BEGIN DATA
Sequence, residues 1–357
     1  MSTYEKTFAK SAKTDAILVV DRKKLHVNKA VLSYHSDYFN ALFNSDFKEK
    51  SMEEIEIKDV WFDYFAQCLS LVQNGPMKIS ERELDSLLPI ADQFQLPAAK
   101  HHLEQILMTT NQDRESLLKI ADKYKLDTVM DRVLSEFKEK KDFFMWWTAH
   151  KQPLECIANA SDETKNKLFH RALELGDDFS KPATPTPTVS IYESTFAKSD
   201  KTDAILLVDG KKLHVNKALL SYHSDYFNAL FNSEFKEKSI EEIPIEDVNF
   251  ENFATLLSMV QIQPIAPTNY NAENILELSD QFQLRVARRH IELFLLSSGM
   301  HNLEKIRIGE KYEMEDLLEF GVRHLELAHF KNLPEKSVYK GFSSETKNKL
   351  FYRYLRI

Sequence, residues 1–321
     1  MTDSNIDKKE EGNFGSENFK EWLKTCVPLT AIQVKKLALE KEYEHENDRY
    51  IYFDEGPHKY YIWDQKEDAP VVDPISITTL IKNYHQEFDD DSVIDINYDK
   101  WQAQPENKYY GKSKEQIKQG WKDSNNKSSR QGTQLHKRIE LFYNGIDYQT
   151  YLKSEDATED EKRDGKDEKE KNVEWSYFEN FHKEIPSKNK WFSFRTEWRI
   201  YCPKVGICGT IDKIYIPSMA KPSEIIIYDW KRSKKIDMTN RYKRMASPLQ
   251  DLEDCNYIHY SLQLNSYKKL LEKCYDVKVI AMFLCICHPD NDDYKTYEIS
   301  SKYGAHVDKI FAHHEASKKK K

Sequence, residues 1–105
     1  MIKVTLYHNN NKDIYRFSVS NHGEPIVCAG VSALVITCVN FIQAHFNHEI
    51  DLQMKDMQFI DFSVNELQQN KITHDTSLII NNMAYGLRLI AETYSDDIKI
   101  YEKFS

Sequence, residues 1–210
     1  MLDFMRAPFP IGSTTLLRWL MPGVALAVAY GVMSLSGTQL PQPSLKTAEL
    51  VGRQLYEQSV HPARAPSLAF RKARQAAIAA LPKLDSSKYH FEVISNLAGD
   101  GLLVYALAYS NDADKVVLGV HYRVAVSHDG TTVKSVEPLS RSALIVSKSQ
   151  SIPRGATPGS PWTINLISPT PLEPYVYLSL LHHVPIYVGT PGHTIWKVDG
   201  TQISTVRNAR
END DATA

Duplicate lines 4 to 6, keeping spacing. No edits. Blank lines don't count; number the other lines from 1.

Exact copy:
   101  HHLEQILMTT NQDRESLLKI ADKYKLDTVM DRVLSEFKEK KDFFMWWTAH
   151  KQPLECIANA SDETKNKLFH RALELGDDFS KPATPTPTVS IYESTFAKSD
   201  KTDAILLVDG KKLHVNKALL SYHSDYFNAL FNSEFKEKSI EEIPIEDVNF